Feasibility and Pilot Testing of the TELL Tool Among Gamete and Embryo Donation Recipient Parents
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- End Date
- Funding Source
- National Institute of Nursing Research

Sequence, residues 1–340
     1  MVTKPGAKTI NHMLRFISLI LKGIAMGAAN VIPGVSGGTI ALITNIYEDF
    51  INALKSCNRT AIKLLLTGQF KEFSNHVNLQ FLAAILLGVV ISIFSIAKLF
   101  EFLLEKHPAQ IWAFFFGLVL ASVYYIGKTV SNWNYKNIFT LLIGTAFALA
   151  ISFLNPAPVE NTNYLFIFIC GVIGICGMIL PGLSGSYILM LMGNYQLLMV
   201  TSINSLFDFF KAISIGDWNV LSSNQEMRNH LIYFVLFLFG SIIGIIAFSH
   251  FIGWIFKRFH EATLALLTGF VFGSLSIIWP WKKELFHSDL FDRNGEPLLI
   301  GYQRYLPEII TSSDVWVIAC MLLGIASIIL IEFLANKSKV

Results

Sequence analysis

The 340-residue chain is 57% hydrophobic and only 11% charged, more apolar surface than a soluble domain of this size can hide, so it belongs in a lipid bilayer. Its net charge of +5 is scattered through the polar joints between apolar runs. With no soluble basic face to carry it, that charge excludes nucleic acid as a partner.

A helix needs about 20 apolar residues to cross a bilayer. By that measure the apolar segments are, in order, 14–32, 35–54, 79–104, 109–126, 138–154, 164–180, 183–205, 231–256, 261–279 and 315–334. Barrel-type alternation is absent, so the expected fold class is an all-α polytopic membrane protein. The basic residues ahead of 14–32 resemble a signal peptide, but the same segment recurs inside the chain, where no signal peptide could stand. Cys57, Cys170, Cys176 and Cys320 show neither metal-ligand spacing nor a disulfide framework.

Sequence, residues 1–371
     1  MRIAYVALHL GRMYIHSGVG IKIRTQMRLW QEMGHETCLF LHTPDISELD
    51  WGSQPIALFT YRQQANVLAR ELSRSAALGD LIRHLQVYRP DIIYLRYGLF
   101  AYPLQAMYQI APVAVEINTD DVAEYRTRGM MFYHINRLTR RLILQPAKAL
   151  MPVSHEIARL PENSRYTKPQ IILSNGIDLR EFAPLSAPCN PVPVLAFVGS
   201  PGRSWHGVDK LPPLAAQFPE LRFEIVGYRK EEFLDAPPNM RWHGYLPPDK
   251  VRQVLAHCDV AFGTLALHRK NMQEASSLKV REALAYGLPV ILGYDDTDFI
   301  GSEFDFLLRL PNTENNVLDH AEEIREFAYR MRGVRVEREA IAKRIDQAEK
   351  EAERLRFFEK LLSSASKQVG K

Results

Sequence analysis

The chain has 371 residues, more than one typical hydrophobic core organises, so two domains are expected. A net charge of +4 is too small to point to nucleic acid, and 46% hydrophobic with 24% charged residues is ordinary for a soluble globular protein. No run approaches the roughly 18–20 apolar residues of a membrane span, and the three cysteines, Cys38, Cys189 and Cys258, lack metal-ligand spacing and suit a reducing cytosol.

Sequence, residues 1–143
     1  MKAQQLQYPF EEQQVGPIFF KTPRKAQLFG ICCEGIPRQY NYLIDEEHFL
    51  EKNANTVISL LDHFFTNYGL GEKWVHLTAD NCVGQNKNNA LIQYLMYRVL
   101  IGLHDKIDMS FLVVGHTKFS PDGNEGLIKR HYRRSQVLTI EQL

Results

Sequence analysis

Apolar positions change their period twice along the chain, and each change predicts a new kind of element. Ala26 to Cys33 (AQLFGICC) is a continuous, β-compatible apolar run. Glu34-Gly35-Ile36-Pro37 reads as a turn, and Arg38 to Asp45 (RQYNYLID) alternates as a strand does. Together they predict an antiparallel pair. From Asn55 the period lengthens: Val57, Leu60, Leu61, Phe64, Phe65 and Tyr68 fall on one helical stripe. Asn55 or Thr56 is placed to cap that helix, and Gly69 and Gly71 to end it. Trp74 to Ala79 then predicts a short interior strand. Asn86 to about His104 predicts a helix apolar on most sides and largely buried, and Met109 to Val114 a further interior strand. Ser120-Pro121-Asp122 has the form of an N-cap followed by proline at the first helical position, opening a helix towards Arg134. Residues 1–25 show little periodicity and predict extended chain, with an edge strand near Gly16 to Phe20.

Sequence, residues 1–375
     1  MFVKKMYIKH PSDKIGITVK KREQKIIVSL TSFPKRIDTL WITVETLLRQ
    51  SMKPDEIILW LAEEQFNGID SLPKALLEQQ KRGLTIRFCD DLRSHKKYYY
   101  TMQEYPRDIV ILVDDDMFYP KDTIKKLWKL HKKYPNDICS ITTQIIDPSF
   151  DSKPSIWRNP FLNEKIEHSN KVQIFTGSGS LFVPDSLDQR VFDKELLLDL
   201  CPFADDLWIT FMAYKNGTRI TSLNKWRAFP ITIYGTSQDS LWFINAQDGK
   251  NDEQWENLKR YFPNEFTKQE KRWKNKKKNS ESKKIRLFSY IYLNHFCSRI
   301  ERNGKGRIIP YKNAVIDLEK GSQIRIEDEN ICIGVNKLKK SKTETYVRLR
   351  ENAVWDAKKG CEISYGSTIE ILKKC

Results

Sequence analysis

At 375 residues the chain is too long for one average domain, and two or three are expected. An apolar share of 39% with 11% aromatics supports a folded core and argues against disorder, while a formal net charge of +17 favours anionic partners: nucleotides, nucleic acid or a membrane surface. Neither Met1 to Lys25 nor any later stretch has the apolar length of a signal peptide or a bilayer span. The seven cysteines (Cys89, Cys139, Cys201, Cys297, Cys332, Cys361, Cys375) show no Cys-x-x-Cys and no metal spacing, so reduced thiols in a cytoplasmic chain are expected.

A radical paradigm shift is taking place where technology, notably the explosion in easy accessible direct-to-consumer genetic testing (e.g., 23andMe) and a high consumer interest in genealogy (e.g., Ancestry.com), has hijacked gamete (eggs, sperm) and embryo donation recipient (DR) parents’ control over whether to inform their children about their donor conception. Historically, the practice of gamete donation has been shrouded in secrecy, however, the burgeoning use of direct-to-consumer genetic testing means that at any point in an adult life, an uninformed donor-conceived person can learn their DNA does not match their presumed ancestry of their parents and family members, putting into question their genetic relatedness to their parents and launching a spiraling sequence of negative health consequences and trauma. Furthermore, the lack of one’s knowledge about actual genetic heritage in the age of precision medicine can be enormously detrimental to health and can result in medical maltreatment, including death. To understand the phenomenon of DR parents’ disclosure in the U.S., we recently completed a 12-year longitudinal study that found 86% of DR parents did not disclose to their donor-conceived children by age 11, which is supported by other research that has estimated DR parents’ non-disclosure as high as 91%. To address this serious problem and in accordance with International Patient Decision Aid Standards, we developed a digital, tailored, multicomponent Tool to Empower ParentaL DiscLosure (i.e., TELL Tool). The TELL Tool aligns with our Decision-Making Process Model and the lessons learned from implementing CHOICES, a web-based, educational reproductive intervention. The objective of this R34 study is to examine the feasibility, acceptability, and preliminary effects of the TELL Tool intervention in a pilot randomized-controlled feasibility trial to determine intervention viability and inform a larger, efficacy trial. An eBook with content about good parenting principles serves as the attention control. Our Specific Aims in this mixed-methods study are: Aim 1 determine feasibility of the study procedures (e.g., preliminary effects) by pilot testing the TELL Tool using a 2-arm randomized-controlled trial with 60 DR parents using pre- to post-test measures for disclosure intention, competence, and anxiety; Aim 2 survey participating DR parents at 2 additional time points (4 and 12 weeks) post-intervention completion to obtain meaningful outcome data about actual parental disclosure to their donor-concevied children; and Aim 3 refine the study tools through post-intervention/attention control written evaluations with participating DR parents, input from our Parent Advisory Board, and cognitive interviews with 10 DR parents and 10 clinicians. Integrating data from the three Aims will accomplish our objective and will 1) determine whether the TELL Tool is viable and, if so, 2) inform the final implementation protocol. The value of our study lies in obtaining critical data about the promise and protocol of the TELL Tool, which may be able to promote health by preempting trauma to modern families and knowledge of actual genetic heritage, an NINR high scientific priority area.